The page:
Let’s start with the arpeggiator:
Gate length — determines the length of the gate for each step; it also determines the length of ratchets
Range — this is a bipolar control; the arpeggiator ranges from +4 octaves to -4 octaves. Octaves are set approximately .2000 value apart (e.g. when this control is set to .3000, the range will be +1 octave, when it is set to -.5000, the range will be -2 octaves).
Random order — randomizes the order of the notes within the arpeggio
Random octave — randomizes the octave on a note-by-note basis within the range set by the Range control (note: this is somewhat probabilistic; while a Range value of .3000 will produce some notes an octave higher, they will favor no octave shift; a Range value of .4000 would have a more equal distribution across the two octaves).
Ratchets — this control sets the number of ratchets on a given step; when ratchet randomization is selected, it determines the maximum number of ratchets within the randomization
Random ratchets — this pushbutton will turn the ratch randomization on
Random ratchet chance — this controls how likely a step is to be ratcheted; 0 = no ratchets, 1 = ratchets on every step
Step chance — determines the likelihood of a step to produce a gate; 0 = no steps are played, 1 = all steps are played
Tap tempo — the patch accepts either tap tempo or MIDI clock; MIDI clock will override tap tempo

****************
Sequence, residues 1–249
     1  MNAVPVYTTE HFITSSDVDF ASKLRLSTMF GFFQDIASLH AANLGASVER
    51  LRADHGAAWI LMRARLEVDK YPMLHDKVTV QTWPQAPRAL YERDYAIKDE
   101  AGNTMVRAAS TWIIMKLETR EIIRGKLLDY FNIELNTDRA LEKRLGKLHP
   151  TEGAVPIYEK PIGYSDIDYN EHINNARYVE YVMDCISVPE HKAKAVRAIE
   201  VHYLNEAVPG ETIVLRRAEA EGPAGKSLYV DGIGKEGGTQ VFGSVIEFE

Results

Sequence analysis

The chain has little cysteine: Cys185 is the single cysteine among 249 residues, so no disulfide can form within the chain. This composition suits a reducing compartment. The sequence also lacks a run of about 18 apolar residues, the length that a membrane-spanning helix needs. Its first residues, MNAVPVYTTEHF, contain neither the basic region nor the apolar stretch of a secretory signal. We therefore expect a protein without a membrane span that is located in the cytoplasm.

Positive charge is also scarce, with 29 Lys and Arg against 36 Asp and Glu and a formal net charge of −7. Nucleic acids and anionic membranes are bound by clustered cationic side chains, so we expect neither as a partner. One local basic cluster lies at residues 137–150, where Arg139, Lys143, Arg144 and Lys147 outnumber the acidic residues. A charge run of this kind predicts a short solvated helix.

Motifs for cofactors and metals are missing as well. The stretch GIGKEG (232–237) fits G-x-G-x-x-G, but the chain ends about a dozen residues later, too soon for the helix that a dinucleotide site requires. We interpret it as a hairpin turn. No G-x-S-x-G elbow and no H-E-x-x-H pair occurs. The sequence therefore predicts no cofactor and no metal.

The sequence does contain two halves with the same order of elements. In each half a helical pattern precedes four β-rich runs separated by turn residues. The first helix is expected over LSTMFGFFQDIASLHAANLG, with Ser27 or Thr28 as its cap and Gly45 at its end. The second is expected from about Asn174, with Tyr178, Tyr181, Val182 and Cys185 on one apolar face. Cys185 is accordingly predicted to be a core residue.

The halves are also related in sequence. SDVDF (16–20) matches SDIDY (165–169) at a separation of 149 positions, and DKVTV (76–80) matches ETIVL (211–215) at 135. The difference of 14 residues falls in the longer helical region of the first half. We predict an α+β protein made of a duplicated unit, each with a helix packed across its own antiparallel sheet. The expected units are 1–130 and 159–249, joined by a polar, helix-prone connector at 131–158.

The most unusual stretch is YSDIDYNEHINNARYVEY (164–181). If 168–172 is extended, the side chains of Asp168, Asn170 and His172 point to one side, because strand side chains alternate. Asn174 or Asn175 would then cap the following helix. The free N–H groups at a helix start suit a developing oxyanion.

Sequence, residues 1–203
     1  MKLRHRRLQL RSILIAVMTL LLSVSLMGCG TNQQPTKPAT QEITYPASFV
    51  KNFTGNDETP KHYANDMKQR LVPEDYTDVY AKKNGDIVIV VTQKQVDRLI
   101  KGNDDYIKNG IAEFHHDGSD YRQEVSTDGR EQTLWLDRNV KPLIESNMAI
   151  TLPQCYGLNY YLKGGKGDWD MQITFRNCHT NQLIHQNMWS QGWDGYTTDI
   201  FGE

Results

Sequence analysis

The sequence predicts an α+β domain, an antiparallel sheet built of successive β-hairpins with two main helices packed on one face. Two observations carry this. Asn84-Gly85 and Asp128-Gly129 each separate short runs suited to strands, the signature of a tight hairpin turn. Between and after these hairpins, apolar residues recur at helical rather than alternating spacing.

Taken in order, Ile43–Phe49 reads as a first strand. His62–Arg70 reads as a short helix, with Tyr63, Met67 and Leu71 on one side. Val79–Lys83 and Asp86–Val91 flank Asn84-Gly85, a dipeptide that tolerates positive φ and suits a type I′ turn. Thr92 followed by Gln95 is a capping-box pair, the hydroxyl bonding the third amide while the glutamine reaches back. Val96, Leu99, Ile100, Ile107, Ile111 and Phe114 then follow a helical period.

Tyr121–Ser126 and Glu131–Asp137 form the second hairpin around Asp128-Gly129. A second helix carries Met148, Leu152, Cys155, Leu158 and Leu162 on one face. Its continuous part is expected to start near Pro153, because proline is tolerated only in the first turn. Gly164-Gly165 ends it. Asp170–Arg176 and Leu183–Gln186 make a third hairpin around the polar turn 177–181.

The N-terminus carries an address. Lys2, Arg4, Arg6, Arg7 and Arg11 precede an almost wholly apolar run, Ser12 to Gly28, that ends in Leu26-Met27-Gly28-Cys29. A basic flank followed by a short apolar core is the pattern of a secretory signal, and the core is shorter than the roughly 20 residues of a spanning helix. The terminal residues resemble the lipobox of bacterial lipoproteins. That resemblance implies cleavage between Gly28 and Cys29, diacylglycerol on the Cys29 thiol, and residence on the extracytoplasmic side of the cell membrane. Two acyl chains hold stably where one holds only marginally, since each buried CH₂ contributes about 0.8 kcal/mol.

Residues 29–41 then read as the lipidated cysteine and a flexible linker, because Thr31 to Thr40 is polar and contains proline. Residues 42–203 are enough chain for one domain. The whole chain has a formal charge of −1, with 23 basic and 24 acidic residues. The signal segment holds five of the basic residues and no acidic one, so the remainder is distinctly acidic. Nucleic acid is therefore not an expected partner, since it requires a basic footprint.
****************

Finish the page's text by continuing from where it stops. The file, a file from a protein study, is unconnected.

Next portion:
Latched — indicates whether the arpeggiator is latched or not
Clock divider — allows the tap tempo or MIDI clock to be divided
Moving on to the synth controls:
Many of these are standard, so I won’t spend a lot of time on them.
Pulse width — the pulse width of the square wave oscillator; 0 = square wave
PWM rate — controls the rate of the pulse width modulation
PWM depth — controls the depth of the pulse width modulation; the pulse width setting will offset the center of this modulation
Glide — portamento between notes; a little goes a long ways when used with an arpeggiator
Attack decay sustain release — the controls for the stages of the envelope
Filter frequency — base cutoff frequency of the low-pass filter
Filter resonance — resonance of the cutoff
Filter envelope depth — bipolar; envelope can be applied positively or negative
Filter keytrack — bipolar; the filter can keytrack (follow the oscillator pitch) with a range of -200% to +200%; a value of .5 = 100% keytracking
Amp envelope — applies the envelope to the synth’s VCA; when disabled, gates from the arpeggiator will be applied to the VCA
Pan spread — each gate (and ratchet) will randomly pan the synth voice; this determines how extreme the panning is, from no panning (0) to panning across the entire stereo field (1)
Reverb decay — decay of the reverb lite
Reverb mix — mix of the reverb lite
In a failed attempt to add swing to the arpeggiator (still a goal, but I need to give it more thought), I noticed that the arpeggiator was adding some notes to the arpeggios.
I believe this is fixed, but let me know if you run across any issues with note count.